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plural

Singular indefinite pronouns

Although it sounds simple, plural and singular words are not always placed with the appropriate version of a verb. While many people understand what to do for she, we and they, it gets harder for indefinite pronouns (those which refer to something not specific).

The following indefinite pronouns are always singular, even though they might, by implication, suggest many people:

another, anybody, anyone, each, either, every, everybody, everyone,
neither, nobody, no one, one, somebody, someone
Anything is possible in your dreams.
Everybody comes in the front door.

There are a few indefinite pronouns that may be singular or plural, depending on their use. They are:

any, all, none, more, most, some
All of us are running late. All is not lost.
None is more important than honesty. None of those books are mine.

Using apostrophes

Many people claim that they don’t understand apostrophes. At least, they don’t understand where to put them!

Basically, an apostrophe indicates that someone or something owns something else. For example, the boy’s dog – the boy owns the dog.

For a singular owner, it’s easy. The apostrophe and an s come after the word – boy’s, Mary’s and woman’s.

Its also easy if a plural term exists, such as men’s, crowd’s, children’s and management’s.

If the owner ends in s, the apostrophe comes after the s without an additional s. So the horses’ stable and the Smiths’ house are correct.

Apostrophes are also required in abbreviations to show letters are missing. For instance, are not becomes aren’t and do not becomes don’t.

The trickiest word is its…

It’s is the abbreviation of it is; the possessive term is its. So it’s raining today, but the horse lost its shoe.

So there are no apostrophes for decades, numbers, plural abbreviations or plural items – some correct examples are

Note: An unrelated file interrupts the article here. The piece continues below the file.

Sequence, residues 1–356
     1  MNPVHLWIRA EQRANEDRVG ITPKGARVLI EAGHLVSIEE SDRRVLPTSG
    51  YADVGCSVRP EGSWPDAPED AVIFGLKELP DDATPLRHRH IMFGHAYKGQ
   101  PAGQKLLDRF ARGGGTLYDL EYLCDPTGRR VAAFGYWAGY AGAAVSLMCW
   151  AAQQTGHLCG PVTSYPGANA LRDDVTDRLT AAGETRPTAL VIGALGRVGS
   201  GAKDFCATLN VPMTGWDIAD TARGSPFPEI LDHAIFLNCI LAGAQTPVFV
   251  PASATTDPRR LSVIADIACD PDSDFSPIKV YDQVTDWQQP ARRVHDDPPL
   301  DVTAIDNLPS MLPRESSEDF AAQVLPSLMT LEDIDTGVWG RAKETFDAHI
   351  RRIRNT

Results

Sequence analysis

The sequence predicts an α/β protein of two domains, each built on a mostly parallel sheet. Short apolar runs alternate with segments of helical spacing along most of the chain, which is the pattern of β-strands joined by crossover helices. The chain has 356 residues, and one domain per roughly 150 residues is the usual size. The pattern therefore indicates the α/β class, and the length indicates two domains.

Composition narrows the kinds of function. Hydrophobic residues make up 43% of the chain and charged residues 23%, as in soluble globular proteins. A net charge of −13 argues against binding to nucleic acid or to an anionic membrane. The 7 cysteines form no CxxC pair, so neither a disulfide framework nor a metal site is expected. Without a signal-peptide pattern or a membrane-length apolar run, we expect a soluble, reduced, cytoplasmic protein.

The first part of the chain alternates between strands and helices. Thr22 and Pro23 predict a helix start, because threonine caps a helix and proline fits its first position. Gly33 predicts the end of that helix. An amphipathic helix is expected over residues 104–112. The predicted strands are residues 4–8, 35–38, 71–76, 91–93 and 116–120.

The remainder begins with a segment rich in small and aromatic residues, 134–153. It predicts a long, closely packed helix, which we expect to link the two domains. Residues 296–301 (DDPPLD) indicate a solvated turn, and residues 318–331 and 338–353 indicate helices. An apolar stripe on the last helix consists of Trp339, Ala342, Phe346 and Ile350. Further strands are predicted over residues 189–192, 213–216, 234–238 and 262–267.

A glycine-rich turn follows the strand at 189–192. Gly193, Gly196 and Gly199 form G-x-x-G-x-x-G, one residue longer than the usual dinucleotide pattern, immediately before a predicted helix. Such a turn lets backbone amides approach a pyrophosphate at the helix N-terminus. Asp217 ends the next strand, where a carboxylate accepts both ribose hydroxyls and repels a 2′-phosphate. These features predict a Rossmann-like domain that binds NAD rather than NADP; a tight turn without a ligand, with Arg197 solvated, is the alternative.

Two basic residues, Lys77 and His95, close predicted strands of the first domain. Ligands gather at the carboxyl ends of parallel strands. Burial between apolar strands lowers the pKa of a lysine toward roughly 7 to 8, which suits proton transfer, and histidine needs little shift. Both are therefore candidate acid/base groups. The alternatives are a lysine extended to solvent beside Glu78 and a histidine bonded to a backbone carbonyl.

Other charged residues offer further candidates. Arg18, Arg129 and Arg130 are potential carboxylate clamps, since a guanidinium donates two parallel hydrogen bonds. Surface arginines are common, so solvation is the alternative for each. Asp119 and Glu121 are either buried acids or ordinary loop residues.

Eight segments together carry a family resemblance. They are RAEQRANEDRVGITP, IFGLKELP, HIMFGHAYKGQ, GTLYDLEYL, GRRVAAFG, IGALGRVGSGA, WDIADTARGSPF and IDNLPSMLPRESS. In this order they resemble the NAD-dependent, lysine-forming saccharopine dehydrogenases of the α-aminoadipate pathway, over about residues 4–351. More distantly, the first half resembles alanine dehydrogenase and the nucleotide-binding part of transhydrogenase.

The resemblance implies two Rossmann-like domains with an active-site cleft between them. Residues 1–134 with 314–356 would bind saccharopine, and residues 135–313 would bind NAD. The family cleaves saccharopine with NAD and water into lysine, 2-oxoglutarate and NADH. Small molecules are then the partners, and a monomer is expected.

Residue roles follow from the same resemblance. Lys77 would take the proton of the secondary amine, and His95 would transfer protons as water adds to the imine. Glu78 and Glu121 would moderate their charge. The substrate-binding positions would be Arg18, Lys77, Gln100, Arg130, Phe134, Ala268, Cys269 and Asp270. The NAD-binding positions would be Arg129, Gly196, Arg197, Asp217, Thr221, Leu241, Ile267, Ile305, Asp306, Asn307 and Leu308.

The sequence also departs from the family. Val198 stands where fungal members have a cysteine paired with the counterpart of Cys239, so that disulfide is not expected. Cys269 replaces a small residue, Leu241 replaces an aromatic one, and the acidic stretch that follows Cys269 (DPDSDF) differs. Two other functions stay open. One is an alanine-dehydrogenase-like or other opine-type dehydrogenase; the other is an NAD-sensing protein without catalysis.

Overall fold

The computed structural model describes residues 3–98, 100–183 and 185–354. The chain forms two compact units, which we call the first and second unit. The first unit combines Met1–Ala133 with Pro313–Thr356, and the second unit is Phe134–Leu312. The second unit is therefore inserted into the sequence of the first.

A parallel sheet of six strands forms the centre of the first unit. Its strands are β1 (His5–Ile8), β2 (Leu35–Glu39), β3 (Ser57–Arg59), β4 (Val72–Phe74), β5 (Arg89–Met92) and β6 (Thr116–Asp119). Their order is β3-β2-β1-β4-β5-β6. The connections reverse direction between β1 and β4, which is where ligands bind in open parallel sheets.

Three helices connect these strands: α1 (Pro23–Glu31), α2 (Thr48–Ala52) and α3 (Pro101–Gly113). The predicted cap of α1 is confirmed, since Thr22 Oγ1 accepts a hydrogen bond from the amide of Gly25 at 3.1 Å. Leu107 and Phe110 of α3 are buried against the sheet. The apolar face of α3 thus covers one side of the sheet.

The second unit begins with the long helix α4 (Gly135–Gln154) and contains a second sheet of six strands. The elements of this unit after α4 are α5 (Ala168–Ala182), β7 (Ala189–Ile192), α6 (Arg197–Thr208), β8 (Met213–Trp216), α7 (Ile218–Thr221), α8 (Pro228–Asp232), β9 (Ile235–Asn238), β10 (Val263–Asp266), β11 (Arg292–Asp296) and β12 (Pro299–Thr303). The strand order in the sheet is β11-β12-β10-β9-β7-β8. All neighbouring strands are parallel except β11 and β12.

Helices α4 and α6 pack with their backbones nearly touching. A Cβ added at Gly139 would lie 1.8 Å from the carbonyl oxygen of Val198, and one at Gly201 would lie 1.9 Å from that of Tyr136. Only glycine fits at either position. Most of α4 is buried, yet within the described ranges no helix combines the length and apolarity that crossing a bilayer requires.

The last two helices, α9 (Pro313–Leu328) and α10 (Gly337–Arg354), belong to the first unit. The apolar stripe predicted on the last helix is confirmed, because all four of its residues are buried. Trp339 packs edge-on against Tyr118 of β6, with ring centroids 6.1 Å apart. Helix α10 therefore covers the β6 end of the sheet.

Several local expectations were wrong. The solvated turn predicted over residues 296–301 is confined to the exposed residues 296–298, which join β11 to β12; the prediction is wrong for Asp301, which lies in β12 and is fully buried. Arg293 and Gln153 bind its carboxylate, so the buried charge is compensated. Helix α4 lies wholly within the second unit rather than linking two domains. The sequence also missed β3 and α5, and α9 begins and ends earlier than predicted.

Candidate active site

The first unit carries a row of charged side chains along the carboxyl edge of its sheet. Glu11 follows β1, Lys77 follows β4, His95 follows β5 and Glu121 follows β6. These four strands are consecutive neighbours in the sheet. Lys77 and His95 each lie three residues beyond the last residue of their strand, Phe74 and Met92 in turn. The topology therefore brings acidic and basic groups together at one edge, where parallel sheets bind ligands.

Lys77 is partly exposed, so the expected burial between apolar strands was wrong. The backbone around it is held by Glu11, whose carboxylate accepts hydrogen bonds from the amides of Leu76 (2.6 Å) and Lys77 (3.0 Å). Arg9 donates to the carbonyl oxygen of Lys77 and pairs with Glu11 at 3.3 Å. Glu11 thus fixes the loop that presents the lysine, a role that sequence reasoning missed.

– during the 60s
– she bought some CDs
– find all the As
– look at my photos
– he is in his 90s
– a list of URLs
– the babies are sleeping
– we will have three pizzas please.

A company is singular

Most people understand that the verb needs to match the number of subjects – that is, if the subject is singular, the verb is the single tense, but if the subject is plural, the verb must be the plural version.

For example:

the boys go to the park daily  OR the boy goes to the park daily

they sing very well   OR   she sings very well

my friends eat quickly   OR   my friend eats quickly

Where people sometimes get confused is with words that appear plural when they aren’t, or singular when they are plural. For example, children, women and men are plural even though they don’t end in s, and words such as crowd, group, herd and pack are singular even though they have multiple parts.

When writing about a business, it is also a singular word even if it sounds plural (for example Woolworths and Brambles are both singular so ‘Brambles is in Australia’s top 100 companies’ is correct.)

Remember that the business name could be replaced with the word ‘it’ so match the verb with ‘it’. A business or a company is a thing (the people behind it are its staff or owners) so does not use the pronoun ‘they’, although is a common misuse in conversations.